Lacey Jai Henderson
With the middle name “Fields” and a brother named “Trax” – saying that Lacey Henderson has sports in her blood is an understatement. The 25-year-old native of Denver, Colorado, grew up with a father who competed and coached track and field at an elite level.
“Growing up, sport was always a huge part of my life. My dad went to the Olympic trials for Pole Vault in 1968 and he was also a two-time National Master’s Decathlon Champion.”
In fourth grade Lacey was diagnosed with rare form of cancer in her right knee. When chemotherapy made her violently ill and wasn’t achieving results, doctors gave her very few options. She ultimately chose life over her leg.
“I just wanted to be a normal person again and go back to school and I was tired of being sick,” she says. “So I said, 'Take it, I don't want it.’”
With a leg amputated before her tenth birthday you might think her brief athletic career had been cut prematurely short. Not so in the Henderson family. The question was not whether she could continue to play sports but what sports would she like to play. And the list was far from short.
“We thought my days of running were over so we explored other sports. I started with skiing and then I learned how to kayak, rock climb, snowboard, play volleyball and soccer, and then going into high school I started doing gymnastics classes to join my competitive cheerleading team.”
It was in the challenge of cheerleading where the 14-year-old amputee found her passion. She cheered all four years at a school that competed nationally and eventually attended the University of Denver on a Division-I athletic scholarship.
Lacey’s road to Paralympic sports began with a lighthearted bet against her father, who claimed she would never be able to pole vault with a prosthetic leg. Naturally she accepted the challenge.
“We are surrounded by track coaches so I went to a family friend who had a pit and poles and on my first day, on a C-Leg, I jumped 6 feet.”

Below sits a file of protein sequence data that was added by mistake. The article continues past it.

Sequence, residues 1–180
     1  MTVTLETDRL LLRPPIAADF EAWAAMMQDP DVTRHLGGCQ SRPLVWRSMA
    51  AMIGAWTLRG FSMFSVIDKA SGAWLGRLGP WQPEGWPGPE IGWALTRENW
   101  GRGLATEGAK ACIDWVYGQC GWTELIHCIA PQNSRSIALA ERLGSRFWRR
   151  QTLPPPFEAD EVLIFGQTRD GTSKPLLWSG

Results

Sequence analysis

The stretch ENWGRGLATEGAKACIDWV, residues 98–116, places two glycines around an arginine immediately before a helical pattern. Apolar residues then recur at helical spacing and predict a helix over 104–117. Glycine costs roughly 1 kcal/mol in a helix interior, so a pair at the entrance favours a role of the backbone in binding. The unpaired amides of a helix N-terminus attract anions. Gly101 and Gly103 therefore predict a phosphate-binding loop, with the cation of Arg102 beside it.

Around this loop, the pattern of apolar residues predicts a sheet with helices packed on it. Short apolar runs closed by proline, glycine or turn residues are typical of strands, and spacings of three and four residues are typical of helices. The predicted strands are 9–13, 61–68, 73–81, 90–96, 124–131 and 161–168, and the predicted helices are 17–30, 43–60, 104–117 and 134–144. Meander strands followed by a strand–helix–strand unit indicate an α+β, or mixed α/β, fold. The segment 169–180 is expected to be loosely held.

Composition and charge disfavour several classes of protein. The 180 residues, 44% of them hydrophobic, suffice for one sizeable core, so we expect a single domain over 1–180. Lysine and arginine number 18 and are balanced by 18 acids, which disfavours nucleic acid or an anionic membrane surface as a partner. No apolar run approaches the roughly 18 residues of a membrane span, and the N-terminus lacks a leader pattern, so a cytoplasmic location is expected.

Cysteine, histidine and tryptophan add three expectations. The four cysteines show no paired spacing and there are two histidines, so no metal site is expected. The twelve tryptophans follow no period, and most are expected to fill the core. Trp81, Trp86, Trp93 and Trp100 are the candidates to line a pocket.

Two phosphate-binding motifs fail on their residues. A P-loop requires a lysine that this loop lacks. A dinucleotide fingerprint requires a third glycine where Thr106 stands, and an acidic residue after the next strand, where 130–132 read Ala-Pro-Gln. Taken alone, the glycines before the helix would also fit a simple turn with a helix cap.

The experience rekindled a long-dormant interest in track and field and she started looking into Paralympic athletics. Though she had never heard of “para sport” before then, she was confident that she could compete at the national level. And she was right. In 2011, Lacey won the silver medal in the 100m at nationals.
She now trains six days a week and her hard work has paid off: she has improved both form and technique, not to mention maximizing her Ottobock sports prosthesis. “I surprise myself all the time in what I am capable of,” she says. Her sharp rise in performance bought her a ticket to the 2013 IPC Athletics World Championships, where she placed fourth in the long jump and fifth in the 100 m sprint.
Right now her sights are set on the Rio 2016 Paralympic Games, where her goal is to be on the podium “for hopefully both of my events.”
Off the track, Lacey works with the Amputee Coalition and also volunteers every year as a counselor at an amputee youth.
Beyond her Paralympic dreams she is planning to start graduate school after the 2016 Games to earn a Master’s degree in Epidemiology. “I would like to eventually work for the US State Department in public health and use my language skills to work abroad.”
The Colorado native has also not forgotten where her road began and would like to advocate for pole vaulting as a Paralympic sport. “I want to start a pole vault exhibition for Paralympic events to eventually gain momentum and athletes for the event to be included in the Games.”
Key competitive achievemets:
- Gold in long jump (setting a new USA record) and silver in the 100 m at the 2014 USA National Athletics Championships.
- 4th in long jump and 5th in 100 m at the 2013 IPC Athletics World Championships
- Gold in long jump (breaking a 16-year USA record) and silver in the 100 m at the 2013 USA National Athletics Championships.
- Gold in 200 m at the 2012 USA National Athletics Championships.
- Silver in 100 m at the 2011 USA National Athletics Championships.
Year of birth: 1989
Sport: Athletics, 100 m and long jump
Personal Bests: 100 m -18.08 sec, long jump 3.32 m
Coach: Dan Pfaff/Nic Taylor
Home team/club: World Athletics Center, Pheonix / Arizona
Career highlights: Making the US National Athletics Team and setting a new American record in the Long Jump. Finishing 4th in the long jump and 5th in the 100m at the 2013 IPC Athletics World Championship.
The equipment used by athletes competing at the Paralympic Games relies on the latest technology and innovation. Here we show how it works.
Ottobock offered technical services at the Paralympic Games for the very first time in 1988. Since then, Ottobock has stood ready to support the athletes at every Paralympic Games. Learn more about this unique history.